The worst part of the Weiner case is not the sexual aspect. That made him into a joke. The worst part is the campaign of lies. While we do expect deceit from politicians, that degree of unrelenting deception in this matter showed that Weiner is quite willing to lie in an unrelenting manner. It also shows that he has some rather weak reasoning skills-at least in certain areas. As such, it seems reasonable to question whether or not he is actually capable of representing the people of his district. There is also the question of whether or not they want him-which is something that must be decided by the due process of the next election. Since there are not any real competency requirements for most political offices, the confidence of the voters seems to be the only real test.




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Craigslist Red Light District Going Dark (Maybe)

Posted in Technology by Michael LaBossiere on May 13, 2009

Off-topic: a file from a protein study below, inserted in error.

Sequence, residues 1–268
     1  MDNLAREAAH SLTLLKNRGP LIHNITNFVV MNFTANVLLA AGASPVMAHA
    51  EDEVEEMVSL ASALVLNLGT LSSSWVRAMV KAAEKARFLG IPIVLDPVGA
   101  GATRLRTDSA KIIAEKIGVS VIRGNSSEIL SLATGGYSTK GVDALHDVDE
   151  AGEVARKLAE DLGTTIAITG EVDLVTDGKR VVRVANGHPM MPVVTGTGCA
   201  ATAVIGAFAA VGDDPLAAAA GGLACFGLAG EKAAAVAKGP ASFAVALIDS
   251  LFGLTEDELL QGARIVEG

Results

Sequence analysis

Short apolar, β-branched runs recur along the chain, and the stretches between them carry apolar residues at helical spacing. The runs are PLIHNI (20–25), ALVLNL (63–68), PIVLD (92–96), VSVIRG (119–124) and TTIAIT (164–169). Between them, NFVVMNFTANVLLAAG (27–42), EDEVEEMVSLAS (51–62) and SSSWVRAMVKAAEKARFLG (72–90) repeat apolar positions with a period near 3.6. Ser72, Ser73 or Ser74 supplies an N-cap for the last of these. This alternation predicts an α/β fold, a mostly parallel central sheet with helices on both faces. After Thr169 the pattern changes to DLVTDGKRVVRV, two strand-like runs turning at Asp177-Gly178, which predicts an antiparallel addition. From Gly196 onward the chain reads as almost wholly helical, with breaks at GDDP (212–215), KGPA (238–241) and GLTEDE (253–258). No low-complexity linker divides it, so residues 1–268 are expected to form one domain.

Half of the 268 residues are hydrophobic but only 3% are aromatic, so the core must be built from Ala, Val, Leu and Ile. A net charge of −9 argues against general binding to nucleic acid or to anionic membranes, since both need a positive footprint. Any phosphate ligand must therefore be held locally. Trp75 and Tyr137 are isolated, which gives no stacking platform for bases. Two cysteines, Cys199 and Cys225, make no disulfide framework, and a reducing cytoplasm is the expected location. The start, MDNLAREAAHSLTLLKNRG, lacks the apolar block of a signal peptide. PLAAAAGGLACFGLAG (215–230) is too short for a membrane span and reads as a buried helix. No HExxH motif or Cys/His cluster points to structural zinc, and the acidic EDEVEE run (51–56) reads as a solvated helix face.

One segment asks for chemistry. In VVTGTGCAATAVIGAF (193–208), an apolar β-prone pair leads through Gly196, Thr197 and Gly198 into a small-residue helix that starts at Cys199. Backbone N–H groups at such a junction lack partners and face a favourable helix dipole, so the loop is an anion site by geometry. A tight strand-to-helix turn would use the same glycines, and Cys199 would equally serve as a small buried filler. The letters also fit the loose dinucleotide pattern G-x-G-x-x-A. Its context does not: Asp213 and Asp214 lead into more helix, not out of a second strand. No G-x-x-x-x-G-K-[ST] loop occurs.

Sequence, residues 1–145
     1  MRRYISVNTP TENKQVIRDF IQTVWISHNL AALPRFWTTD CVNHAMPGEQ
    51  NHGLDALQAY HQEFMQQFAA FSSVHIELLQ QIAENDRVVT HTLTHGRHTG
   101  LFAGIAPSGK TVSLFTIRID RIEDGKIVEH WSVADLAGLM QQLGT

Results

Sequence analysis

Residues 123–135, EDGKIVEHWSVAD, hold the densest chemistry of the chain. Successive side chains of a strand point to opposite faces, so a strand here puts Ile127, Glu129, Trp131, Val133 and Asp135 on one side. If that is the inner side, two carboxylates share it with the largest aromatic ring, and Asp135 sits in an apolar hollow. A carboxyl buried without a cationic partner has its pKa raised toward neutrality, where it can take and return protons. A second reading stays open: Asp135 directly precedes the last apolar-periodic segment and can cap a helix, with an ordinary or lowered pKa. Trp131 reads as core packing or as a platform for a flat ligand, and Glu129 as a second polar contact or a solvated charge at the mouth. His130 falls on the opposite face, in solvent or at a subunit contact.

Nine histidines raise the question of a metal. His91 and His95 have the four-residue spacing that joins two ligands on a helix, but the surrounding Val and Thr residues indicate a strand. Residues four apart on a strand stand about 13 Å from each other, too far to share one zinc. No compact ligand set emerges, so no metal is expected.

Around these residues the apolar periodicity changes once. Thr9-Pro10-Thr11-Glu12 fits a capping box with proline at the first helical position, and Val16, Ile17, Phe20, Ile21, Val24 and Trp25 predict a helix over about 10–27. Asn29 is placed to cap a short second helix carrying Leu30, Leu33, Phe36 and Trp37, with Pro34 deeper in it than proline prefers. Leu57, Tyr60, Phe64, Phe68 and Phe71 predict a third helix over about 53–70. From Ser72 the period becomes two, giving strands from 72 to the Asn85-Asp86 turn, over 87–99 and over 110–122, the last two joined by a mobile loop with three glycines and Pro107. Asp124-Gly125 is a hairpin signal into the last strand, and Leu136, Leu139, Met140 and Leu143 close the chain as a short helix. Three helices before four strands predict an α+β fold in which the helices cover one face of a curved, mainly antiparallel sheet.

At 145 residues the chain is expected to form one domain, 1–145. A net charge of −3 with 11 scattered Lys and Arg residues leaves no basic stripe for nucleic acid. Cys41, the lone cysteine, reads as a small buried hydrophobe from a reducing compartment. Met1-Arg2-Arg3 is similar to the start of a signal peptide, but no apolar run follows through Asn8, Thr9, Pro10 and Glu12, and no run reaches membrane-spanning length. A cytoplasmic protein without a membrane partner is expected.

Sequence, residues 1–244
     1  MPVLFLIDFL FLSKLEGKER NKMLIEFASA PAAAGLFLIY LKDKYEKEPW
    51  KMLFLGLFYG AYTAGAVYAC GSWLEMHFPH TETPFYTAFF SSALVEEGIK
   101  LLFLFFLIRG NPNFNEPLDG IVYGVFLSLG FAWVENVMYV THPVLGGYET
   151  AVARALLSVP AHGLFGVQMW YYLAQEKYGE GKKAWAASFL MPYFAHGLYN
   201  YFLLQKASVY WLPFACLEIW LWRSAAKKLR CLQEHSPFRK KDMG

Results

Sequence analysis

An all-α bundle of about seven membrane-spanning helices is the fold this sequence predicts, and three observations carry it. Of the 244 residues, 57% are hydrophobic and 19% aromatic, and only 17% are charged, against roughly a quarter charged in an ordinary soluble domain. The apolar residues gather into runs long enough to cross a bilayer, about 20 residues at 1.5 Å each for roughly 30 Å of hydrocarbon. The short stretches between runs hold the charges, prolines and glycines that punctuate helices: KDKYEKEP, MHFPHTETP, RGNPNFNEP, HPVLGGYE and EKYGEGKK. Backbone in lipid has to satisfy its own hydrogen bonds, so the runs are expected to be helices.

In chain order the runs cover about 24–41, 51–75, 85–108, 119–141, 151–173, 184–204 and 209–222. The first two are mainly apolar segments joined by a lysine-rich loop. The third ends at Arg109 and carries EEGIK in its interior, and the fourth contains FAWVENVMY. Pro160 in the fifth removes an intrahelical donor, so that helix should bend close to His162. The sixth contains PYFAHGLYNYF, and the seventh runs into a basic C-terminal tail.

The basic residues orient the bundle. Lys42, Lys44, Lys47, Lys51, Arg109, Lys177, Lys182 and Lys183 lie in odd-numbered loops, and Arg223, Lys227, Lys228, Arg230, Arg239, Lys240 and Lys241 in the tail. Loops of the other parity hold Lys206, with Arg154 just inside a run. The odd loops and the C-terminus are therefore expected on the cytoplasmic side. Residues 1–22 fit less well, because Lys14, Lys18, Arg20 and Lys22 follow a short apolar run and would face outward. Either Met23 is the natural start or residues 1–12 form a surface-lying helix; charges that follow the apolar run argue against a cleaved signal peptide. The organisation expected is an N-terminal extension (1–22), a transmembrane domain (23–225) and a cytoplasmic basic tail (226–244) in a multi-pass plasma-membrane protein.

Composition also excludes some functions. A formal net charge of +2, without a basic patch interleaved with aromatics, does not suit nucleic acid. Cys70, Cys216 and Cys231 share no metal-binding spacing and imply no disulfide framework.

Craigslist has yielded to pressure from a multistate attorney general task force and is supposed to be cleaning up its “red light district.” This part of Craigslist was previously titled “erotic services” and was well known as a place where sexual services could be purchased. Naturally, those posting services had to be somewhat circumspect and generally used abbreviations (“bj” for “blow job”, for example) and some other “commodity” in place of money (“skittles” instead of dollars, for example). So, a prostitute might list that she will provide a bj for 50 skittles. Of course, this did not really fool anyone-it merely allowed people to willingly turn a blind eye towards what was really going on. The same sort of thing is done when people advertise many “escort” and “massage” services.